On the other hand, if you’re AWS, to pick up a new cloud customer, you’re literally copy-pasting your pre-built code. Yes, there are server hardware, electricity costs, etc., but that’s only a small slice of the pie for this high-margin business.

AWS Value vs. AMZN Enterprise Value

Since Amazon has virtually no long-term net debt (relative to company size), enterprise value and market capitalization are fairly comparable. If it looks like I’m using them interchangeably, that’s why.

At $125/share, the current market cap is $1.27T.

In its last quarter, total revenue was $116.44 billion. AWS accounted for just 16% of that at $18.44 billion. A small piece of the pie but a big part of the revenue; operating profit of $6.52 billion. That’s a profit margin of 35%. Compare that to retail, which typically shows a mid- to high-single digit percentage (at best).

Granted, that juicy 35% margin on AWS is a few percent higher than the recent average, but it’s not an outlier. Before Amazon began detailing the AWS segment in its reports, UBS estimated the margin ranged from 47% to 53% in its first 8 years of operation.

While some construction DCFs forecast AWS revenue over the next few years or until 2030, I think that’s far too presumptuous for a high-growth company. A lot can change, for better or for worse, by then. DCFs are like a cozy blanket, a false sense of security. These are just guesses on top of guesses. You can paint any picture you want with them.

Let’s be more conservative and just focus on the next 2-3 years.

This year, AWS is expected to exceed $80 billion, and next year, $100 billion. This actually assumes a slowdown in growth to “only” 25%. Well below the 37% growth we’ve seen in the last quarter, or all recent quarters and years of over 30%. If we assume another 25% y/y after that, that brings us to $125 billion for 2024.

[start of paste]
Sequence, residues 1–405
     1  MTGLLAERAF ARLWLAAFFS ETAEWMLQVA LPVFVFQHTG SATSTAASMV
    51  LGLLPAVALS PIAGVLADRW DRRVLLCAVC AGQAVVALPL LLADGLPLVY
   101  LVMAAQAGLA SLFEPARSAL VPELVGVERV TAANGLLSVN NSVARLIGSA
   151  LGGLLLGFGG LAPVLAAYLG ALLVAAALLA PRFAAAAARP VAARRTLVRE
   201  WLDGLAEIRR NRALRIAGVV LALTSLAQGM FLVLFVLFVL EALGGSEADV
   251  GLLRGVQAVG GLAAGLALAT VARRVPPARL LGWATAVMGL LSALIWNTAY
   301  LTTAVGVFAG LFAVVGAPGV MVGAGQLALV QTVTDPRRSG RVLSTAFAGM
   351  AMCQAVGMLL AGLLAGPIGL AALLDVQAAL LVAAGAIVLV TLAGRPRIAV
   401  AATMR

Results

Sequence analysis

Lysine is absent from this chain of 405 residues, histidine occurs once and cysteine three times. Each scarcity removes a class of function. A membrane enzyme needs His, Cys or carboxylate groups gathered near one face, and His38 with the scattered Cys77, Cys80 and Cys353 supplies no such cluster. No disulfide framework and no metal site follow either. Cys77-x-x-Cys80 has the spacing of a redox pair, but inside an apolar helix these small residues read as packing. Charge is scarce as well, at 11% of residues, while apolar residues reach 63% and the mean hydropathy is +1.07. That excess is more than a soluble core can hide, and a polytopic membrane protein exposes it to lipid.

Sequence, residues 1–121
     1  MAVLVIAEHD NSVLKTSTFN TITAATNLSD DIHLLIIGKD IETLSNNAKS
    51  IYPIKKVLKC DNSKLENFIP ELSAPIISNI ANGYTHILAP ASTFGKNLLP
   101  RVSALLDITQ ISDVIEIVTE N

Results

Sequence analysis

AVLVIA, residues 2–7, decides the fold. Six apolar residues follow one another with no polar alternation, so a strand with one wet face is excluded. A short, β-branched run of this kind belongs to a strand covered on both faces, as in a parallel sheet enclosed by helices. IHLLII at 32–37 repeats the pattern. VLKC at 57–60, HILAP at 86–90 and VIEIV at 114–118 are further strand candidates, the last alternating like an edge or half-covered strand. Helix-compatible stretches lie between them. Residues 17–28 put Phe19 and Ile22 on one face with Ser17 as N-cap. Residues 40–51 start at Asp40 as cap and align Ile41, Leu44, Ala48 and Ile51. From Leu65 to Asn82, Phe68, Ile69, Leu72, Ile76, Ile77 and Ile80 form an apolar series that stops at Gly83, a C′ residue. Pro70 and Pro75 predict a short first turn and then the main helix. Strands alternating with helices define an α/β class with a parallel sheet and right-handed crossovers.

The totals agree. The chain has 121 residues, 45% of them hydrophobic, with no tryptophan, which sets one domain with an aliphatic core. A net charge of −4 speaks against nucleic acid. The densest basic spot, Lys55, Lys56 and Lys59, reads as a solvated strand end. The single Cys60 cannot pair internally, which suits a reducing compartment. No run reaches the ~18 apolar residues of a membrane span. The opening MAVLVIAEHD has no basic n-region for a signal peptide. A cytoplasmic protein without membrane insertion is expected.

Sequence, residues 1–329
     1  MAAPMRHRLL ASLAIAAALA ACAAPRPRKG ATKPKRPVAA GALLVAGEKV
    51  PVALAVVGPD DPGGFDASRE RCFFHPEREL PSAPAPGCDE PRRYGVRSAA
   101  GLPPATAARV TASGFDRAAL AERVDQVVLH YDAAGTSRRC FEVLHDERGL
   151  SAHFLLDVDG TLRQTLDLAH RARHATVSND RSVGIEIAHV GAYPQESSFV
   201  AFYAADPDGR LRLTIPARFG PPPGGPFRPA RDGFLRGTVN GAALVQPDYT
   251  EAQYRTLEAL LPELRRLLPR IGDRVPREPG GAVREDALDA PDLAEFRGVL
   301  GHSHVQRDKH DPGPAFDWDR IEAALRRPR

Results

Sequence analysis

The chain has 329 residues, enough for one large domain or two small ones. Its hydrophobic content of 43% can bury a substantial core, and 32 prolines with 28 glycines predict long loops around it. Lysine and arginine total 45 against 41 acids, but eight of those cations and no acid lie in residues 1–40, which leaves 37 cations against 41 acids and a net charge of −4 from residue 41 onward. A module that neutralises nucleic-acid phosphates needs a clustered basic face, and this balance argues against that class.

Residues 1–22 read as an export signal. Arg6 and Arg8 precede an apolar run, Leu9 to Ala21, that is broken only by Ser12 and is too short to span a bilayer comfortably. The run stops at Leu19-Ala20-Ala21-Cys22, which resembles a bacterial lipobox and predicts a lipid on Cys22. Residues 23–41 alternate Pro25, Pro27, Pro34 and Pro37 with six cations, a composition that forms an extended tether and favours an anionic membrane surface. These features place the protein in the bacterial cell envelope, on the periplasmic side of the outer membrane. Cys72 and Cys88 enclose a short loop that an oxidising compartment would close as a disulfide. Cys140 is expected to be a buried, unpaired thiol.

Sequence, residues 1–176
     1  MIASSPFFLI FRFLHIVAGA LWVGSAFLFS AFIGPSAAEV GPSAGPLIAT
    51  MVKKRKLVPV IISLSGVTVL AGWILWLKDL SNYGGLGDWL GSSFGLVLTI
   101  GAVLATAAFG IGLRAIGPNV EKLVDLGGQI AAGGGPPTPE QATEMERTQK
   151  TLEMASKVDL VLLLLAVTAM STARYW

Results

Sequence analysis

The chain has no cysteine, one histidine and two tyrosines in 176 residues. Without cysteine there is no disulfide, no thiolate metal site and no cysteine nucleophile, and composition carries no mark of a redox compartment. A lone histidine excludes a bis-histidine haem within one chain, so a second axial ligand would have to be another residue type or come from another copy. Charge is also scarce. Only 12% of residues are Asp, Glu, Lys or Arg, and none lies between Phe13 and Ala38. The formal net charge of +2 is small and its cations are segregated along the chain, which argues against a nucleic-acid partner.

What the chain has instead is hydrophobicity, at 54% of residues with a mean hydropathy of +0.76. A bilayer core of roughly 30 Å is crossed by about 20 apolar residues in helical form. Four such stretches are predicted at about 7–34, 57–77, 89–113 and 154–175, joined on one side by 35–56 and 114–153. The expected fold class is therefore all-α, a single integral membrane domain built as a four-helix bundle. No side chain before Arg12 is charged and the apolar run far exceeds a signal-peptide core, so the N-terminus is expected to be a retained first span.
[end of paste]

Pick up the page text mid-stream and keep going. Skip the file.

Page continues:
Let’s not go with the 35% profit margin on that. Let’s stick with 33%. This equates to $41.25 billion in operating revenue for AWS in 2024.

If you apply a multiple of 25 to that, that brings us to a market cap of T$1.03. Remember that the current market capitalization is only $1.27 billion. If you project another year of growth and this time let’s reduce it to just 20%, that means by 2025, the current market capitalization would equal a multiple of 25x on AWS alone.

Yes, that’s a high multiple, but not out of place – even during today’s tech wreckage – for a high-growth, high-margin blue chip company. Just look at Microsoft (MSFT) for a comparative assessment.

In other words, you can buy AWS today and in a few years it will be like getting retail and everything else for free.

Dilution from Amazon over time

Amazon Q1 2022 Investor Presentation

Yes, there may be dilution for stock-based compensation, but based on history, it should be trivial. Maybe there won’t be any now that they’re doing buyouts.

Don’t bet against Bezos, same goes for Jassy

For those who say Amazon’s growth days are over, keep in mind that the current CEO – Andy Jassy – was the former head of AWS. He is a 20 year veteran of the business.

His salary of $212 million might seem excessive until you realize his salary is only $175,000. That $212 million is stock-based compensation (61,000 shares before the split) and vests over a decade, between 2023 and 2031.

In other words, valued at around $21 million a year, based on the then higher share price. However, more than 80% of this amount is not acquired until years 5 to 10. As such, he is more motivated than anyone to bring massive growth throughout this decade as well. Given his track record in creating and building AWS, I bet he’ll be up to it.